President Barack Obama should not give in to Republicans in dealing with the looming fiscal cliff, according to Laurinburg businessman Walter Rogers.
Rogers shared that opinion with White House aides during a visit last week to Washington. Rogers was a part of a delegation of 45 civic leaders from North Carolina asked to the White House to discuss the impending fiscal cliff — the tax hikes and spending cuts likely to be enacted next year if Congress and the president fail to agree on an alternate course of action.
The discussion, held on Thursday, was started by Jon Carson, director of the White House office of public engagement, and continued by his staff.
Rogers, who also serves as North Carolina 8th District Black Leadership Caucus chairman, said that the group reached a consensus that President Obama should not capitulate to a Republican-controlled Congress.
“One of the things we talked about particularly was the fact that there was some concern that the president himself might decide to cave,” Rogers said. “He has been very conciliatory when it comes to working with Congress over the last two years, and he really has not benefited from it. There were a lot of people who said ‘Mr. President, this time we want you to do differently. Do not cave to this crowd, because you cannot cave enough to satisfy them.’”
From where Rogers sits, the prospects of Congress and President Obama reaching a solution to the problem of the fiscal cliff do not look bright.
“If it’s anything like it’s been for the last year or two, it’s been pretty much that if the Republican party doesn’t get it the way they want it, they just go into a stalemate,” Rogers said. “This time, the Democratic party is inclined to say that they might not have the numbers, but the president still has the pen. So, if we don’t work it out and if you come up with something that’s not agreeable, it’s dead on arrival.”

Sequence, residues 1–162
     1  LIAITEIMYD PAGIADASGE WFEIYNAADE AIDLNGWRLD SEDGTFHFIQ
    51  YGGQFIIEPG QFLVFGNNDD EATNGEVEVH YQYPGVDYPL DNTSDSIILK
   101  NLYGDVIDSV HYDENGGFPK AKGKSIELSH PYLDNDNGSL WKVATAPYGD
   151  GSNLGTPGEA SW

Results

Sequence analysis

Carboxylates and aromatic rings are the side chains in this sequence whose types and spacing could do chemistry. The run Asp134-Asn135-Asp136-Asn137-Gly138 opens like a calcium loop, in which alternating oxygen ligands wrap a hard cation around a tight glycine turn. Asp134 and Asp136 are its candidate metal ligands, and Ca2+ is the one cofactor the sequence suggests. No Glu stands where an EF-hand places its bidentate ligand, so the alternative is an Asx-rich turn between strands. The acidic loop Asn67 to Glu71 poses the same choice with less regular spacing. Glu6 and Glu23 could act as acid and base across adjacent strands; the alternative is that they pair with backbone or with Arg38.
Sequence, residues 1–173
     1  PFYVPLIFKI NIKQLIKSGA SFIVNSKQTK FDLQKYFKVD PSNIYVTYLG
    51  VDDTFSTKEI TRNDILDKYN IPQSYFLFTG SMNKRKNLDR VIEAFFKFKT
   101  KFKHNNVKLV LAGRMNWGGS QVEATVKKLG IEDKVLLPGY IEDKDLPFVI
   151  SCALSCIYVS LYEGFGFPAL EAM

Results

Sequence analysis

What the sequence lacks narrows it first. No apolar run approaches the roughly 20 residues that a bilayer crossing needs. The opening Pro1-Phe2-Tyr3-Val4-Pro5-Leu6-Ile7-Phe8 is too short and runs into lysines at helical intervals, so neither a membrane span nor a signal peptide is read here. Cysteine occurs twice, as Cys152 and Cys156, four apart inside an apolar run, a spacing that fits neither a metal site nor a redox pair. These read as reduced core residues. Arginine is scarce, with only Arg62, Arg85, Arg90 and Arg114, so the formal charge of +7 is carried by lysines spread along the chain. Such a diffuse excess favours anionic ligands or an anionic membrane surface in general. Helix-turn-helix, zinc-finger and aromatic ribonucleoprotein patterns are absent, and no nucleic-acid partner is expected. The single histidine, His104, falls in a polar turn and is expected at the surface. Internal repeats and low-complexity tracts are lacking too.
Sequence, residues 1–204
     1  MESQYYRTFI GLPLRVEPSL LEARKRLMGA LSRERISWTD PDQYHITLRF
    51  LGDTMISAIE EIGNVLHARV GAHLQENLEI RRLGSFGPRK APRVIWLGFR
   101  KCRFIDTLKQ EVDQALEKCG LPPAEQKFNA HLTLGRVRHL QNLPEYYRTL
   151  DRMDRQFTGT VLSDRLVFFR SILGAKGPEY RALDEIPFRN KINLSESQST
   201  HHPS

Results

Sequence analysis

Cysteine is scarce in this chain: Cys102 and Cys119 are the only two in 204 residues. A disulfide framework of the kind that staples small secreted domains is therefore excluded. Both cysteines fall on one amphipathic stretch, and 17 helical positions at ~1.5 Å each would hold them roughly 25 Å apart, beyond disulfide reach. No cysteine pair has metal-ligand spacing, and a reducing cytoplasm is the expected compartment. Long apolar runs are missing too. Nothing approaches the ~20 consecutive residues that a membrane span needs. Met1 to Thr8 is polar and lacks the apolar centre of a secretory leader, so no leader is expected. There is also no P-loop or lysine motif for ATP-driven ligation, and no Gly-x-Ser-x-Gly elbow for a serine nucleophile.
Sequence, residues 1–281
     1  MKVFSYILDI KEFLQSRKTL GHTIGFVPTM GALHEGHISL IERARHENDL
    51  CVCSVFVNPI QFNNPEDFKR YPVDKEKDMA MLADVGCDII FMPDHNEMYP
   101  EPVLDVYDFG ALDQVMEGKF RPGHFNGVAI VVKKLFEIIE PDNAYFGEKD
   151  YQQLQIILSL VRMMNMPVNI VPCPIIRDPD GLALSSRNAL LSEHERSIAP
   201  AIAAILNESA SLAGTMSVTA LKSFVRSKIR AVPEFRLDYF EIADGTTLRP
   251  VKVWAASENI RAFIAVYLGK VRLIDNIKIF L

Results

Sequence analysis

Rogers said that, although the idea of a fiscal cliff sounds dire, the economy may correct itself while allowing the Bush tax cuts to expire without intervention may force legislators to compromise.
“It’s not like a cliff, it’s more like a wave,” he said. “That economic situation that may be recognized effectively in two to three months will probably level out itself. There are people who are calling it a cliff because they want you to feel like it is a dramatic thing, and if you don’t do something you’re going to come to the point where you are going straight down. It is not as bad as perceived.”
The Tax Policy Center has estimated that, if the “fiscal cliff” is not averted, most middle -class families will face a $2,000 increase in taxes annually. Rogers said that that may not be unfair relative to the tax increases faced by large companies.
“The overall conversation is that the average family’s taxes might go up $2,200, but if you are a corporation, and that’s where the money is now, let it go,” he said. “You might have to pay $100 a month, but how many thousands will they have to pay a month? I can give up a dime if they’re going to give up a quarter.”
The majority of the discussion focused on the effect of the economy upon the middle class, with little conversation regarding those in poverty.
“The concern and focus seemed to be on the middle class, but there is something like 1.5 million below the poverty level in this state,” said Rogers. “Nobody mentioned them.”
Rogers also spoke of Scotland County’s economic plight in a discussion that trended toward an east-west dichotomy.
“They talked about western North Carolina and they talked about eastern North Carolina, and I brought to there attention the fact that there is a south central North Carolina and, if you look real close, what you will probably find is Laurinburg, who has had the highest unemployment rate for the biggest portion of the last five years,” he said.
Rogers is the owner of Rogers Beauty and Barber Supply in Laurinburg as well as several other local businesses.